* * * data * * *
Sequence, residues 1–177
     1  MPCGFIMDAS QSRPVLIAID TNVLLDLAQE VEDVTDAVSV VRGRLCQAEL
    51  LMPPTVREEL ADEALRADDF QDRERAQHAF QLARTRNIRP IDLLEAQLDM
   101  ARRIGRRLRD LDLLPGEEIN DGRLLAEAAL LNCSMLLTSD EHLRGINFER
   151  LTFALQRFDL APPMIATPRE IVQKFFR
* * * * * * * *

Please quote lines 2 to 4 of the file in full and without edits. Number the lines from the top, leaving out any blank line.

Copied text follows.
     1  MPCGFIMDAS QSRPVLIAID TNVLLDLAQE VEDVTDAVSV VRGRLCQAEL
    51  LMPPTVREEL ADEALRADDF QDRERAQHAF QLARTRNIRP IDLLEAQLDM
   101  ARRIGRRLRD LDLLPGEEIN DGRLLAEAAL LNCSMLLTSD EHLRGINFER